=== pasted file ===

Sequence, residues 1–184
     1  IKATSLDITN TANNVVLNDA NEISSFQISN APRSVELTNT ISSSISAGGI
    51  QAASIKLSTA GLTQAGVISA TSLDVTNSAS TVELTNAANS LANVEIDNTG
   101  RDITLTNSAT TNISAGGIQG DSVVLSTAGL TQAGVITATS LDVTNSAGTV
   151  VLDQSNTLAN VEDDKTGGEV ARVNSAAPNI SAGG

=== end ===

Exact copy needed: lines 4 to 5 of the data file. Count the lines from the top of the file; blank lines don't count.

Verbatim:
   101  RDITLTNSAT TNISAGGIQG DSVVLSTAGL TQAGVITATS LDVTNSAGTV
   151  VLDQSNTLAN VEDDKTGGEV ARVNSAAPNI SAGG